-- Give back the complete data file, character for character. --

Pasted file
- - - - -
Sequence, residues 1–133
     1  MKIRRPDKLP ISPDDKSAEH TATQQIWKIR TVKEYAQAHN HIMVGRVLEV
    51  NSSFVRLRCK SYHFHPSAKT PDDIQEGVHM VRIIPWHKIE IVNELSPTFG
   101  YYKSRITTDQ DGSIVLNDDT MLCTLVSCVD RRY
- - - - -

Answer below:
Sequence, residues 1–133
     1  MKIRRPDKLP ISPDDKSAEH TATQQIWKIR TVKEYAQAHN HIMVGRVLEV
    51  NSSFVRLRCK SYHFHPSAKT PDDIQEGVHM VRIIPWHKIE IVNELSPTFG
   101  YYKSRITTDQ DGSIVLNDDT MLCTLVSCVD RRY